Mark Perry, Executive Director, Florida Oceanographic Society, Stuart
At the recent meeting of the South Florida Water Management District Governing Board, I gave them visual handouts and explained that the pollution discharges are having major impacts on the St. Lucie River Estuary, Indian River Lagoon and nearshore reef habitats. Salinities are at critically low levels for oyster reefs in the middle estuary, and the pollution is covering the seagrass beds in the outer estuary and Indian River Lagoon.
Several "protected" areas are now being impacted including two state aquatic preserves, the Indian River Lagoon National Estuary, National Oceanic and Atmospheric Administration Essential Fish Habitat, Environmental Protection Agency Critical Habitat for Seagrass, the St. Lucie Inlet State Preserve Reefs, and the St. Lucie Nearshore Reefs nominated for National Marine Sanctuary designation. These estuaries and coastal ecosystems are habitat for more than 4,000 species of plants and animals, including 36 endangered and threatened species. Where is the protection for these special “protected” areas? Where are the agencies who are charged with enforcing these protections?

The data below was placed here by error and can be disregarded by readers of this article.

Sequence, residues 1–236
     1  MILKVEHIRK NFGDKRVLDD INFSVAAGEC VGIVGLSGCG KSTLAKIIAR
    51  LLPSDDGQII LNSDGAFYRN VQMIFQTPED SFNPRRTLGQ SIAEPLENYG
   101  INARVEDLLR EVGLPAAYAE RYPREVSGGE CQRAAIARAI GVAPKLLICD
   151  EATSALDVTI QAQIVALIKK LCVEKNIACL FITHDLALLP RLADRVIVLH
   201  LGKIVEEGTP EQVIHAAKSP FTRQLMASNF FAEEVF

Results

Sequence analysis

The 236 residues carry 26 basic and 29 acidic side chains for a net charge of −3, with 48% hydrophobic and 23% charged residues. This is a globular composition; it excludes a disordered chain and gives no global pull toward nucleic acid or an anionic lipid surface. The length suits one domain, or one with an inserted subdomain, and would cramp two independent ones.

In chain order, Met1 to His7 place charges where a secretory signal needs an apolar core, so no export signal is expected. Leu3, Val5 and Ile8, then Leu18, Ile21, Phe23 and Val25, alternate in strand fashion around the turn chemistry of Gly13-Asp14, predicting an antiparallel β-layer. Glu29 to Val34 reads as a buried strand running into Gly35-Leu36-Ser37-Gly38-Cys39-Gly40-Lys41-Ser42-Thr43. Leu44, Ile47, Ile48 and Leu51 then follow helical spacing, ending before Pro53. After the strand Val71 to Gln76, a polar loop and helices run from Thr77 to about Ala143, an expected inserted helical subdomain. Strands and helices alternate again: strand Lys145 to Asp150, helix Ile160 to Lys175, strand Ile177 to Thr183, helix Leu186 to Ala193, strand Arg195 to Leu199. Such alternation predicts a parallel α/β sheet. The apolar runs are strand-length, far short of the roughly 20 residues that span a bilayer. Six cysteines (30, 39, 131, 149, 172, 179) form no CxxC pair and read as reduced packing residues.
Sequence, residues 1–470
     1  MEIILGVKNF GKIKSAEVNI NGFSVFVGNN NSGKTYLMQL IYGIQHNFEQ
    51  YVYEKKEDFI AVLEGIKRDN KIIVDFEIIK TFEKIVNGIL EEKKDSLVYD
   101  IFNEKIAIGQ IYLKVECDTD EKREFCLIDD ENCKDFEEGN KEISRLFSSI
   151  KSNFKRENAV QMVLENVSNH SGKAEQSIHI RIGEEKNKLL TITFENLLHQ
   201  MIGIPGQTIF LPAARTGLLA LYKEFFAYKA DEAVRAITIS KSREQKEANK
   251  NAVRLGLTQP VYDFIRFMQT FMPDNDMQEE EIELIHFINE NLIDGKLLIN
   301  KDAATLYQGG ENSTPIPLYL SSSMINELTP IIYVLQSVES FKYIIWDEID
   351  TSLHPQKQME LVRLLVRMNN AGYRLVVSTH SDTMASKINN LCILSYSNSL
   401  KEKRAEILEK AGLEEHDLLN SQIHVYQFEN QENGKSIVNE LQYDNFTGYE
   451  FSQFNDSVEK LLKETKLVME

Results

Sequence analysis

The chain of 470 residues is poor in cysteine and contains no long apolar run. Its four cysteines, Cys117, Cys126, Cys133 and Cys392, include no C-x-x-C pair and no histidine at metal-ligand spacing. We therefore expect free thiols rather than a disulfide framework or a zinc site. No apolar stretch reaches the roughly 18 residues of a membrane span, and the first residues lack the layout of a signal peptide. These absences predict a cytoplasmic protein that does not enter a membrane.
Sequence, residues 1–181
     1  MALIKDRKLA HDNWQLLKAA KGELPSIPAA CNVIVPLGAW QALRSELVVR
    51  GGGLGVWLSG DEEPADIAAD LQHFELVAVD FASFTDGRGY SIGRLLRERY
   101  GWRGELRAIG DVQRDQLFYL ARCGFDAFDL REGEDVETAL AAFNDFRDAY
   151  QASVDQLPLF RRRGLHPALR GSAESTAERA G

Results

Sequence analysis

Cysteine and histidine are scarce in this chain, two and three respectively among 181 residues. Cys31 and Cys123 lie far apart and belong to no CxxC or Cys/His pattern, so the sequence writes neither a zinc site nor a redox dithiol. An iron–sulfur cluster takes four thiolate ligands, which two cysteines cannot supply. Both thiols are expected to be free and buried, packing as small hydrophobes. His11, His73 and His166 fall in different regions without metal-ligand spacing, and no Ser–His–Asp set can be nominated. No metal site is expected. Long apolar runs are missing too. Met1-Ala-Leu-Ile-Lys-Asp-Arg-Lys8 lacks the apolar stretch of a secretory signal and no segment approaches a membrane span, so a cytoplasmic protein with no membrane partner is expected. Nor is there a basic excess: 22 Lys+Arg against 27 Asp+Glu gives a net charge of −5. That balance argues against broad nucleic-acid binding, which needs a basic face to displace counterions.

We must demand that the U.S. Army Corps of Engineers and the South Florida Water Management District stop all pollution discharges from the major drainage canals of C-23, C-24, C-25 and C-44 (which includes the Lake Okeechobee pollution discharges) IMMEDIATELY. Lake Okeechobee discharges are the largest single freshwater source to the St. Lucie Estuary, more than twice the volume of any other sub-basin in the St. Lucie Estuary watershed.
We Must Stop the Lake Okeechobee Discharges and Demand Moving the Water South to Restore the River of Grass.